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This article was first published in the Tararua Tramper Volume 91, # 11, December 2019

December in the hills with Michele Dickson and Chris Horne

Ozothamnus leptophyllus, Tauhinu, Cottonwood

tauhinu.jpg: 733x915, 333k (2019 Dec 03 01:12)
Ozothamnus leptophyllus, Tauhinu, Cottonwood
Photo: Jeremy Rolfe

Ozothamnus leptophyllus (previously described as three species of the genus Cassinia), is a common local plant belonging to the daisy family, Compositae (Asteraceae). The name tauhinu is also used for another plant, Pomaderris amoena.

Origin of the botanical name

Ozothamnus comes from the Greek words ‘ozo’ – smelly and ‘thamnus’ – shrub, referring to the musky scent of the plants; leptophyllus means ‘with slender leaves’. Tauhinu is the Te Reo name and common name.

Distribution and habitat

Ozothamnus leptophyllus is endemic to Aotearoa/ NZ. It grows on Te Ika a Māui/North Island, Te Waipounamu/South Island, Rakiura/Stewart Island and Motu Maha/the Auckland Islands. Look for it in coastal to lower montane shrublands, grassland, dunes, open areas and disturbed land. Sun-loving, it also tolerates frost and salt.

Growth habit

Tauhinu is a fast-growing, grey-coloured, bushy shrub up to 2 m or more high. Its weedy appearance and ability to rapidly colonise open areas has resulted in the plant’s listing in some weed books. The small, leathery leaves are up to 4 mm x 2.5 mm, linear with slightly recurved margins and are spirally arranged on the branchlets. A white or greyish tomentum of matted soft hairs covers the undersides, as it does on the many dense, slender, rough-barked branchlets.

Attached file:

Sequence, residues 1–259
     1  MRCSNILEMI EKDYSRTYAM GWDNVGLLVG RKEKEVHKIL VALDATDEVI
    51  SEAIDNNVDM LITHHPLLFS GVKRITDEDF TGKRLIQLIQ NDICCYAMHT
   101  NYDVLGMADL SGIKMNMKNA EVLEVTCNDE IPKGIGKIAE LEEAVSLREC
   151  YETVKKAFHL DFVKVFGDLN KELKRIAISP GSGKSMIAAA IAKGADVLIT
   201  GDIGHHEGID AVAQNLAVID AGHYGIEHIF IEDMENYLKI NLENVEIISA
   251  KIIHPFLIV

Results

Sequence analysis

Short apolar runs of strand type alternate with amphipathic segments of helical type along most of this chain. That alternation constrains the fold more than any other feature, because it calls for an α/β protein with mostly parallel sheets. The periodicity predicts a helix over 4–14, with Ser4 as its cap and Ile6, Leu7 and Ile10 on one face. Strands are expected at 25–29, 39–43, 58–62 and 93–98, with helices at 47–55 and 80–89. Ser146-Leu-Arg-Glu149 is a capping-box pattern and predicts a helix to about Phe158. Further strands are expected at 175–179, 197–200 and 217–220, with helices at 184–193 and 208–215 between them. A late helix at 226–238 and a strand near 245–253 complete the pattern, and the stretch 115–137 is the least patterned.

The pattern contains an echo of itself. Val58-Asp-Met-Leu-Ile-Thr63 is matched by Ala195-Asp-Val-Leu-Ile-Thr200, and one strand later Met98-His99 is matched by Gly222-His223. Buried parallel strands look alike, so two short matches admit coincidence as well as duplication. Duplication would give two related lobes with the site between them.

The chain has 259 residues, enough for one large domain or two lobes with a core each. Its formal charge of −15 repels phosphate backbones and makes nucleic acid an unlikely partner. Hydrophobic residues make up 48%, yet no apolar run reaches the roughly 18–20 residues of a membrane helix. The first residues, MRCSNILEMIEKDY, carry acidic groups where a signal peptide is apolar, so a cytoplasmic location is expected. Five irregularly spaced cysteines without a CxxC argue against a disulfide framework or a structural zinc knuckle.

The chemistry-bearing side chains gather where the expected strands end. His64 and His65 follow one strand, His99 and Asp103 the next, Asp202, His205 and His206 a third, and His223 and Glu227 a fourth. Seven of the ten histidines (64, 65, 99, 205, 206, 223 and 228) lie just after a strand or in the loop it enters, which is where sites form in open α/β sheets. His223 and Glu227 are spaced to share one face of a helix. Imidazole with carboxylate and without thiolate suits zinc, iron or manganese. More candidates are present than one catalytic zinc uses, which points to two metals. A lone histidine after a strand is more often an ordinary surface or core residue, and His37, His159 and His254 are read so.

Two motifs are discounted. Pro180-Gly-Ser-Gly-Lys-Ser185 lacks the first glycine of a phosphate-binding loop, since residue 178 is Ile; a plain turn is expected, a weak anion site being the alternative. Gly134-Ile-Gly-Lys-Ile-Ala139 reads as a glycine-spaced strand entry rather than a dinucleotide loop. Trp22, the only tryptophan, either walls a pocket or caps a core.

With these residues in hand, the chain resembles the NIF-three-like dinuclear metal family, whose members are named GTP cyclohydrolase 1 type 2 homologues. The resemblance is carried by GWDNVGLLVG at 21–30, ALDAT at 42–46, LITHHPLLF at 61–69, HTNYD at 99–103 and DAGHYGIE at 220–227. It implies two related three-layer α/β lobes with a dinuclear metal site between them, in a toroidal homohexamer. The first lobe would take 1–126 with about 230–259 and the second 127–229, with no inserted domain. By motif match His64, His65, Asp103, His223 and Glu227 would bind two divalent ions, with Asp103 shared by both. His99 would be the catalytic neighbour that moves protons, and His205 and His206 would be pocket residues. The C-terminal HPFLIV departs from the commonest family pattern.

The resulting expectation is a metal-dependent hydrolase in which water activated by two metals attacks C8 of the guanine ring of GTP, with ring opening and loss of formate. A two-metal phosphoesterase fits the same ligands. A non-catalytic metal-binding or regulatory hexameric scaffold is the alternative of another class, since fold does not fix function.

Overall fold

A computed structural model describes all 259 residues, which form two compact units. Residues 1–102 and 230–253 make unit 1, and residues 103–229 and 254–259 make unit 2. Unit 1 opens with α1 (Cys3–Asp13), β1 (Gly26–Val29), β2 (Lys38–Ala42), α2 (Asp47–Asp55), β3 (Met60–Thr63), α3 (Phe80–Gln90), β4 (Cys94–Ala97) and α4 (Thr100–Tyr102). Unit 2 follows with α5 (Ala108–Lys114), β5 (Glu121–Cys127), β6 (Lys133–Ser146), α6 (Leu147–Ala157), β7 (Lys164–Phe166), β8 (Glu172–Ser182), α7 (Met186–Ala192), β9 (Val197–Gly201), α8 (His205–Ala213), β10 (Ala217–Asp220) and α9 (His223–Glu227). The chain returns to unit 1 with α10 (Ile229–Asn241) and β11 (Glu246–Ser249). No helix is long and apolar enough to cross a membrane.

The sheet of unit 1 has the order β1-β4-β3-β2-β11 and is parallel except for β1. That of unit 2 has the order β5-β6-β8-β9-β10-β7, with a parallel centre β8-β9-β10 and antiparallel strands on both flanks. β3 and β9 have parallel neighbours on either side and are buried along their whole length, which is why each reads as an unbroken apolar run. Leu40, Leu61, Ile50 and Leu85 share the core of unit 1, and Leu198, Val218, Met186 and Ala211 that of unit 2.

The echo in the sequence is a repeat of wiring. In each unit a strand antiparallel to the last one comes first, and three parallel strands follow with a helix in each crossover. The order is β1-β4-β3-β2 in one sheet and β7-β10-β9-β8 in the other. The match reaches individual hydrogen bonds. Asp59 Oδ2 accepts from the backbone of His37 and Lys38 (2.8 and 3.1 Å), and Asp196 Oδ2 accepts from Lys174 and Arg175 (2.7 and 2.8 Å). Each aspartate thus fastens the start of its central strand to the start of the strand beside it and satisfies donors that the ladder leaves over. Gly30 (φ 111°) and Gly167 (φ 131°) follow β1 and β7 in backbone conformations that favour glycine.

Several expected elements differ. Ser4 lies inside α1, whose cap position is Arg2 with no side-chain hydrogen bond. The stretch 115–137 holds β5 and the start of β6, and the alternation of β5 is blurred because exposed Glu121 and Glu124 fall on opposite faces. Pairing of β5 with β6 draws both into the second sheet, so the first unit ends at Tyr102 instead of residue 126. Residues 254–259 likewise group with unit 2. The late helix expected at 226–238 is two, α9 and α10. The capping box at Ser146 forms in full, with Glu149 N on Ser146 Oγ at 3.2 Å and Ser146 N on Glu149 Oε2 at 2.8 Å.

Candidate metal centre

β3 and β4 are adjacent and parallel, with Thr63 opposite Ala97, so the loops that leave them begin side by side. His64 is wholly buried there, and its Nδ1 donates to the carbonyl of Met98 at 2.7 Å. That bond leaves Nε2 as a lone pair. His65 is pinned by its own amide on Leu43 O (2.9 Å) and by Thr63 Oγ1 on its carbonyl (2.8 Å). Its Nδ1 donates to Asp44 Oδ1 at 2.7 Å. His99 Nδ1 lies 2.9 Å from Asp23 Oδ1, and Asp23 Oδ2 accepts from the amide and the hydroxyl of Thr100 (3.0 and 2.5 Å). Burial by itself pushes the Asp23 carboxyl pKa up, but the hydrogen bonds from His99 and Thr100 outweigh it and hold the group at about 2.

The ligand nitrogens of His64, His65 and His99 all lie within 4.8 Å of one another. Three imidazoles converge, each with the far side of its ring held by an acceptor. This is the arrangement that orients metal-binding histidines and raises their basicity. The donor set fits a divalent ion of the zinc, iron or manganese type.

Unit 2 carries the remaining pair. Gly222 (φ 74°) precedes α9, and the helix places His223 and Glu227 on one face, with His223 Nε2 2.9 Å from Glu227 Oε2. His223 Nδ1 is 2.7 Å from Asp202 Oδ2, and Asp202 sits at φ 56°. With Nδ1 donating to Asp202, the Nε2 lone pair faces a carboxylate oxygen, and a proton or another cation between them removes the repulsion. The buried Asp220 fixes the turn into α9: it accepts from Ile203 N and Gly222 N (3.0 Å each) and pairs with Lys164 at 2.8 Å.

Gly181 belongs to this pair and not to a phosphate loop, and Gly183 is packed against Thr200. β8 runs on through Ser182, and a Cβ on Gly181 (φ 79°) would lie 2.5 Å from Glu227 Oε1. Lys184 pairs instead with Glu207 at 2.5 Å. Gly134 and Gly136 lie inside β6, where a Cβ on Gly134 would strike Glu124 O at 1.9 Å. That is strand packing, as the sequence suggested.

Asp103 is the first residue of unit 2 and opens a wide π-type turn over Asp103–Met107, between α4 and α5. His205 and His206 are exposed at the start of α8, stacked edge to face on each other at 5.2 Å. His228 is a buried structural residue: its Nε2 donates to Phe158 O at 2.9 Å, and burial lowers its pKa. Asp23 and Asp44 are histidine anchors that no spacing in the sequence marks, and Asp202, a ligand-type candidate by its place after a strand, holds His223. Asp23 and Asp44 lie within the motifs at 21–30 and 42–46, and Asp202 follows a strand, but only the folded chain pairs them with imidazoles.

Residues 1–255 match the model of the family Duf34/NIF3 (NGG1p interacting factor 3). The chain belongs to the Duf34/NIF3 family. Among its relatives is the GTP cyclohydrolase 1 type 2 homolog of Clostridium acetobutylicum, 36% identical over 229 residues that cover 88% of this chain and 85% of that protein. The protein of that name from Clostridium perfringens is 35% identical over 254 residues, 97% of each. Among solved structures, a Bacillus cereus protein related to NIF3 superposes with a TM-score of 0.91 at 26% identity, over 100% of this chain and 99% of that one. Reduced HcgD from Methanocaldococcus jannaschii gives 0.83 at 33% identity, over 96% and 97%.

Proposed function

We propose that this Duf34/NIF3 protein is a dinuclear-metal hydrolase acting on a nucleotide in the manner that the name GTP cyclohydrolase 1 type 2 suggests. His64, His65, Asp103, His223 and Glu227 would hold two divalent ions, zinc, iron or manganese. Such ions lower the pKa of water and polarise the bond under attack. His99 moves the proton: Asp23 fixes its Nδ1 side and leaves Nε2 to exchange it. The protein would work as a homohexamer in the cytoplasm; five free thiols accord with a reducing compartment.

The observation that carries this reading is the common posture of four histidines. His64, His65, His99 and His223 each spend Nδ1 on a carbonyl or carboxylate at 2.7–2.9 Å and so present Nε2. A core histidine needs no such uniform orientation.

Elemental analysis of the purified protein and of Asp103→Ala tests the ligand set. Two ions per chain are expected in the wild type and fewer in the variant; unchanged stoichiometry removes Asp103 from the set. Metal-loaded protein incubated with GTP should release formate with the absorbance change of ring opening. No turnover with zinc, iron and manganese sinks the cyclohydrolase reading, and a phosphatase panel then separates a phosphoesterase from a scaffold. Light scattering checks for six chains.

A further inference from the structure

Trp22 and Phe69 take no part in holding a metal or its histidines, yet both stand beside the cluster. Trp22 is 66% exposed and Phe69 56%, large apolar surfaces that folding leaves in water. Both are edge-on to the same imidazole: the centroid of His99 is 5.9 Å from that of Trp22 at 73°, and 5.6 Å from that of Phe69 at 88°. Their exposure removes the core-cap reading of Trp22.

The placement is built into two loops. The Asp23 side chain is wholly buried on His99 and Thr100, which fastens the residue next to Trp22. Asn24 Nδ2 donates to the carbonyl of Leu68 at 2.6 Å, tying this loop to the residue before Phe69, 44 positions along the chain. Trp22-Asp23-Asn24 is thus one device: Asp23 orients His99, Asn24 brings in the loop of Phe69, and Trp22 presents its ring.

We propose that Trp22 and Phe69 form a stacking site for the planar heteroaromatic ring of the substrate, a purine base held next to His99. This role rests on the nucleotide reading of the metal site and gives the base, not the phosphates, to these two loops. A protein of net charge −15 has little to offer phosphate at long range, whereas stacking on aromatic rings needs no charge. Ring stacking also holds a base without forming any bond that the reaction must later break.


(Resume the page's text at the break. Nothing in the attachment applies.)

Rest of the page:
In early spring to summer a profusion of large, cap-shaped clusters of dense flower-heads develop at the tip of branches. The tiny, round, cream or pale gold daisy flowers are papery and have a subtle perfume. One-seeded fruits are small, dry, about 1 mm long with pappus hairs up to 4 mm long at one end, which grouped together in a mature seed-head give a fuzzy look. These are wind-dispersed, germinating easily on bare soils.


Planting tauhinu has been suggested as a way to stabilise sand dunes inland of foredunes. In laboratory analysis, some plant extracts have been found to have antiviral and antifungal activity.

Where to find Ozothamnus leptophyllus?

You can see tauhinu on Wellington coastal hills, grazed hills of Terawhiti/Makara, the Parangarahu Lakes area of East Harbour Regional Park, Ōruapouanui/ Baring Head, Cape Turakirae and on grazed hills along the Skyline Walkway. Also look for tauhinu on the Aorangi, Remutaka and Tararua ranges.

Botany 2019

In The Hills 2019-11 < Index chronological > In The Hills 2020-02

Page last modified on 2022 Dec 03 13:00

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